“Blame is the enemy of safety” - moving from blaming to learning

- english gareth lock incident analysis incident investigation incident reporting just culture Mar 11, 2022

We all make mistakes - we do the wrong thing, thinking it’s the right thing. We all slip at times - doing something that we didn’t intend to do. We all have lapses of memory - forgetting something in the heat of the moment. Everyone breaks rules of some sort during their lives, often because we see the reward or need as outweighing the potential consequences.

Mistakes, slips, and lapses are classified as different types of ‘human error’. They describe the normal variability of our performance, which is influenced by a whole variety of internal and external factors. Factors such as training, experience, time pressures, social pressures to conform, ease of understanding of the task or dive brief, even the ease by which we can use our dive equipment, like a dive computer. Importantly, we can never say with certainty that we knew an error would happen. If we knew before the event, we wouldn’t do that activity, or we would change something to ensure it didn’t.


I knew…

If I knew I was going to make a mistake, like teaching something wrong in a class, I would have read the instructions or training manual again to refresh myself.

If I knew I was going to make a slip, like cross-clipping a boltsnap on a D-ring and getting it jammed, I would have slowed down and concentrated on that specific activity to the exclusion of other things.

If I knew I was going to forget something, like omitting an o-ring, I would have used a checklist and ticked off the items as I went along.

In each case, we can only really classify something as an ‘error’ after the event because we use a 'counterfactual' i.e., "would have". Therefore saying someone made an error and that was a contribution to the accident might be technically correct, but it is of almost zero value to improve our performance and safety. Saying the cause of an accident is due to human error is about as useful as saying that an apple falling is due to gravity.


They broke the rules, but why?

While violations can be intentional, often the reason is the risk has been ‘assessed’ as being beneficial to the situation, the project, the dive centre or the training organisation and so it is worth deviating. This is why in some parts of the safety world violations are called ‘at risk behaviours’. However, research from Denham Phipps with anaesthetists showed that the conditions which led to rule-breaking had to do with:

  • The rule. Who wrote it, what value it added, how likely would it be they were caught, and what would be the consequences if things went wrong.
  • The anaesthetist. Their attitude, position in the organisation, peer behaviours/social conformance.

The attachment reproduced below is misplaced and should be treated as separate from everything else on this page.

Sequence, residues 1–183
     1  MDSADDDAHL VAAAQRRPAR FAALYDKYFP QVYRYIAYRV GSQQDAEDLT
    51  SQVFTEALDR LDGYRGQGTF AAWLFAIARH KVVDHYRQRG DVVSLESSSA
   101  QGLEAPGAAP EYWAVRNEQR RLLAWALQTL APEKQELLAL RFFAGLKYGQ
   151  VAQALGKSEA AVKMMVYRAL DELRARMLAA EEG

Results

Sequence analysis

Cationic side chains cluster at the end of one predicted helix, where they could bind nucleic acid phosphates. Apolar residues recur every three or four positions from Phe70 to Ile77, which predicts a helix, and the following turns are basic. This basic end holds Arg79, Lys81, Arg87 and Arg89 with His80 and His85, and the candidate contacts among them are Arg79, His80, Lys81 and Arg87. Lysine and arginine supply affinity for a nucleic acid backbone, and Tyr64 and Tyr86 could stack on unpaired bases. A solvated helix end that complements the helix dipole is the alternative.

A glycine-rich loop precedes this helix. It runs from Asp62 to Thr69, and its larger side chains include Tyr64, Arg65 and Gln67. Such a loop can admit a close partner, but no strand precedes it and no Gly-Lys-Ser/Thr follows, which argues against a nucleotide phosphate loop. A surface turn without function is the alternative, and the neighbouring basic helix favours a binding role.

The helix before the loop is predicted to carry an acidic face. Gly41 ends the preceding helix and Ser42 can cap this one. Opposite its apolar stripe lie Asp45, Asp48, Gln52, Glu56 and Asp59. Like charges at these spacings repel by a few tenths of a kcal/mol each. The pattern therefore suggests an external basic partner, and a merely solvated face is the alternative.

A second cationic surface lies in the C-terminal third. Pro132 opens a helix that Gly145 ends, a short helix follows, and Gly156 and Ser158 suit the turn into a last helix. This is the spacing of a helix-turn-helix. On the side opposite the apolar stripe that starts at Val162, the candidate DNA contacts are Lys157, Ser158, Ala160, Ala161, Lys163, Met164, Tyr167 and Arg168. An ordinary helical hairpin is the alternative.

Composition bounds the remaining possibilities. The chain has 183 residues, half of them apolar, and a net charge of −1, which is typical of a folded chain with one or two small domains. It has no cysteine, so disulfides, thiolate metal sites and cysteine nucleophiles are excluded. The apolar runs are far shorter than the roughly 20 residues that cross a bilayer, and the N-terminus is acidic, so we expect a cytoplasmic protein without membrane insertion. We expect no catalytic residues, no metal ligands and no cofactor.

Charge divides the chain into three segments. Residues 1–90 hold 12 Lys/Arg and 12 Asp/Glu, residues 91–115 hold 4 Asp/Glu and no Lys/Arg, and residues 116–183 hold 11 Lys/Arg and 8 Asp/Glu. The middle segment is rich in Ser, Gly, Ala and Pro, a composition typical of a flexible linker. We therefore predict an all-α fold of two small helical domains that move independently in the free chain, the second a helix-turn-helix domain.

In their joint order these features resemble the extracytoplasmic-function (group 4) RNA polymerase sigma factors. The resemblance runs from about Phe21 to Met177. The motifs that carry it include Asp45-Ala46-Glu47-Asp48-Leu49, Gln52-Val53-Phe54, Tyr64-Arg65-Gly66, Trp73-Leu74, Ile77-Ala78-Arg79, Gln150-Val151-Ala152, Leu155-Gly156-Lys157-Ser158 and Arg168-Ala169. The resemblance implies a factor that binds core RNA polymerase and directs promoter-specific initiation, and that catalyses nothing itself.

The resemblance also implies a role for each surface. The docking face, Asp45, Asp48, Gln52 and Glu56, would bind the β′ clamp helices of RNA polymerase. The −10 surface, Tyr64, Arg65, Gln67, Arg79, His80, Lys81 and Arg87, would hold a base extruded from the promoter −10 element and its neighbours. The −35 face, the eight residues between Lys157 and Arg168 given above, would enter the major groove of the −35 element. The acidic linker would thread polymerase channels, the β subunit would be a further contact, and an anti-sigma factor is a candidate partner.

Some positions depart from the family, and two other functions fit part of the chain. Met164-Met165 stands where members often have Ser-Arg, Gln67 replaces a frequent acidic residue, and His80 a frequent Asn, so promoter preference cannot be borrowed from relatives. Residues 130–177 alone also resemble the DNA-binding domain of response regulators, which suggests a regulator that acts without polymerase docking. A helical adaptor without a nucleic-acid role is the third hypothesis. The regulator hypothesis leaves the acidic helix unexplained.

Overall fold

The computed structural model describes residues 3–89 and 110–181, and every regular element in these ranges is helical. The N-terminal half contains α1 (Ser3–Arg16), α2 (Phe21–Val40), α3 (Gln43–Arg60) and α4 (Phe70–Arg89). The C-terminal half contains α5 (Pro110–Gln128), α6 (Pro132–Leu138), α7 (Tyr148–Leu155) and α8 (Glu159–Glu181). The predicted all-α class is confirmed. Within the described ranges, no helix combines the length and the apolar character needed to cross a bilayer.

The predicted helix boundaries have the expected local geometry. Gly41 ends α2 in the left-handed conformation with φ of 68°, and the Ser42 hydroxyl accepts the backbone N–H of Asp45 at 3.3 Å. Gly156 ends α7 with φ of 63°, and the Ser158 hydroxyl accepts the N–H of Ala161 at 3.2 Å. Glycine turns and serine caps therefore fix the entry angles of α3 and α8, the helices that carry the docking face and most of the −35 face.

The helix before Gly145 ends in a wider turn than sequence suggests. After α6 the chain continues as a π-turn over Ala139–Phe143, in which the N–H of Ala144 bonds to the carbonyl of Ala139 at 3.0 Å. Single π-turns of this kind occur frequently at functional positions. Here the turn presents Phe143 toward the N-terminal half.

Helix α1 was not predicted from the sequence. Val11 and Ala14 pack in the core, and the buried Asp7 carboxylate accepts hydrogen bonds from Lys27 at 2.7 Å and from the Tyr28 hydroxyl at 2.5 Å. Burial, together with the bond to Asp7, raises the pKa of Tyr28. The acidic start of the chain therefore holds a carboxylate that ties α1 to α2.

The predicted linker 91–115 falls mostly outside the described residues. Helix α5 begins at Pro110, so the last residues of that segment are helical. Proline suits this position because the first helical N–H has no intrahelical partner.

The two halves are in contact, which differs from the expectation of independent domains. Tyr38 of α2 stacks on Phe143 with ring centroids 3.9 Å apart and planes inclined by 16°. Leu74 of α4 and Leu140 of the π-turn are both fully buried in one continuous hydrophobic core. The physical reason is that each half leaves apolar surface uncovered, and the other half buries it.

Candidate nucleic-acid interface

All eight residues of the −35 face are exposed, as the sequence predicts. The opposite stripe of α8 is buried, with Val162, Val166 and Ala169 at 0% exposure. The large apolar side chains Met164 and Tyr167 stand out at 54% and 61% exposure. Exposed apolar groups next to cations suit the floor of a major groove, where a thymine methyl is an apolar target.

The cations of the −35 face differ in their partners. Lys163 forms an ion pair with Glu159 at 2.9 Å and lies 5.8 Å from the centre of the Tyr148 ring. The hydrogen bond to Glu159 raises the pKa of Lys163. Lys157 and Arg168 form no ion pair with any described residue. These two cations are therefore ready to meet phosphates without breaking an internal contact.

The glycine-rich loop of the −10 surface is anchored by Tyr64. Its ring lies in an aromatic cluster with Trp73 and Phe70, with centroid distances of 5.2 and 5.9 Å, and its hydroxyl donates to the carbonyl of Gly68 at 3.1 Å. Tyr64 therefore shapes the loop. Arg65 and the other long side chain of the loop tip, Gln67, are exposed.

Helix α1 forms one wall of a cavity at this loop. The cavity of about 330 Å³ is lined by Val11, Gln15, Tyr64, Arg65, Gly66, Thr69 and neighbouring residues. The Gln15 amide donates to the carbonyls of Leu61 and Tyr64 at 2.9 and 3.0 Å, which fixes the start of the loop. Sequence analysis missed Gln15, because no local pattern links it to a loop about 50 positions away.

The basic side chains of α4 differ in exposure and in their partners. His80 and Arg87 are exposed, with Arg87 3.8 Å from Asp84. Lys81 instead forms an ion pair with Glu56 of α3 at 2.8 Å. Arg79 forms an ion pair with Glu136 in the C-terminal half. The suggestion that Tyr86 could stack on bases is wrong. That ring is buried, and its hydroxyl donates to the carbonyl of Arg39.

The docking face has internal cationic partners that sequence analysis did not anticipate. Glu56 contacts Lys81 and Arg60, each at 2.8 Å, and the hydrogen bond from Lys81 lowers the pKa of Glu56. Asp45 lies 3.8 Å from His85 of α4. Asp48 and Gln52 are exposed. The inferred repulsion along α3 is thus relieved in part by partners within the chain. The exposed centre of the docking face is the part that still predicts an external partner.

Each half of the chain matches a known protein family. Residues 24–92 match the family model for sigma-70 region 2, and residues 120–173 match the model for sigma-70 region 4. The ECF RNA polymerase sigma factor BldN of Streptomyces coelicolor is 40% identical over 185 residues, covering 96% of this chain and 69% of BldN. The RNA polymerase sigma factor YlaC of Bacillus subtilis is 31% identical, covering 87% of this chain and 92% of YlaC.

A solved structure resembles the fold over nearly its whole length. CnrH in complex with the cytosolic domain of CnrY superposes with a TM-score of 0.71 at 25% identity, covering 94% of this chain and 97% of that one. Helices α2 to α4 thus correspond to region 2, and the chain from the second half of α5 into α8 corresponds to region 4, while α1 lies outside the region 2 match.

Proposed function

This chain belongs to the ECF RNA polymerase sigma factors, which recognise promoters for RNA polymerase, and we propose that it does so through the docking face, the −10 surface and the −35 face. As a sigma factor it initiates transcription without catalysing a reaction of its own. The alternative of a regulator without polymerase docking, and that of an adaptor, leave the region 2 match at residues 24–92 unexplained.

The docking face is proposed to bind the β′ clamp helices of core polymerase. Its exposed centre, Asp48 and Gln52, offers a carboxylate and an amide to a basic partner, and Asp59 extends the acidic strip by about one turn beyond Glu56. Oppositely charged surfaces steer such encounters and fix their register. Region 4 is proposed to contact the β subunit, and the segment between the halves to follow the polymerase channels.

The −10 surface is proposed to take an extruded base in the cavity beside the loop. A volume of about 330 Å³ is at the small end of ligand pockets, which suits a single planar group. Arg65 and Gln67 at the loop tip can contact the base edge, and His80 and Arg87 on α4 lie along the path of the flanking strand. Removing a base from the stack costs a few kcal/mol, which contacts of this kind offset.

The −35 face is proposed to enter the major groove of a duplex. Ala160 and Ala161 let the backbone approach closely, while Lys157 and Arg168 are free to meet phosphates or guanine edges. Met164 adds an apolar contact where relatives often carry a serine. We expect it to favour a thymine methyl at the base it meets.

• The context. Time pressures, ease of completing the task following the rule and equipment configuration. 

The biases that limit learning

When we observe someone else do something that ends up with an adverse event, like getting lost, having a rapid ascent, running out of gas, injuring themselves, injuring a student, or ending up with someone dead, we often fall foul of a number of biases that limit our learning.

  • Hindsight bias. The ‘I knew it all along’ effect. We believe that we would have seen this event developing and would have done something about it. It is a bit more complicated than that, so next week’s blog is going to cover hindsight bias in more detail.
  • Outcome bias. We don’t link the quality of the decision with the outcome faced. We often don’t think about the experience or knowledge of the diver or instructor involved. We assume that they had a clear head, had the knowledge, had the experience and therefore must have missed the obvious. We don’t think of the context.
  • Severity bias. The more severe the outcome, the harsher we judge the situation. A diver who runs of gas just as they breach the surface will be judged more harshly than someone who surfaces below minimums, who will be judged more harshly than someone surfacing with the correct amount of gas. However, this last diver didn’t monitor their gauge at all on the dive.
  • Fundamental attribution bias. We will look at personal or individual factors (lazy, unskilled, poor attitude, wasn’t paying attention…) before we look at external factors (workload, visibility, current, social pressures, quality of equipment, experience…) as to the cause. We often want to attribute individual fault rather than the context because we use this as a form of self-protection. “If I can focus on them and their lack of competence, and I know they are different to me, then I won’t make those same mistakes.” This might appear simple, it is, and at the same time, most biases are simple!  

These biases often lead us to blame individuals and their associated personal factors, skills and traits rather than looking at the context as to how it made sense to do what they did. Even when people break ‘rules’, there are often rational reasons based on the context they are in. Stopping at ‘they broke the rules’ during an investigation doesn’t help us dig deeper into the reasons why the rules were broken. 

If we consider that these attributions drive how safety is managed in diving, we can see why the recommendations after diving incidents come about: fix the human, because they are the obvious flaw in the system. If we can address the ‘bad apples’, then the safe system we have designed and implemented will continue to be safe. Reflect on the point that actions to manage safety derive more from attributions than from actual causes and that human error is not a cause, it is a symptom or indication that there are problems in the wider system.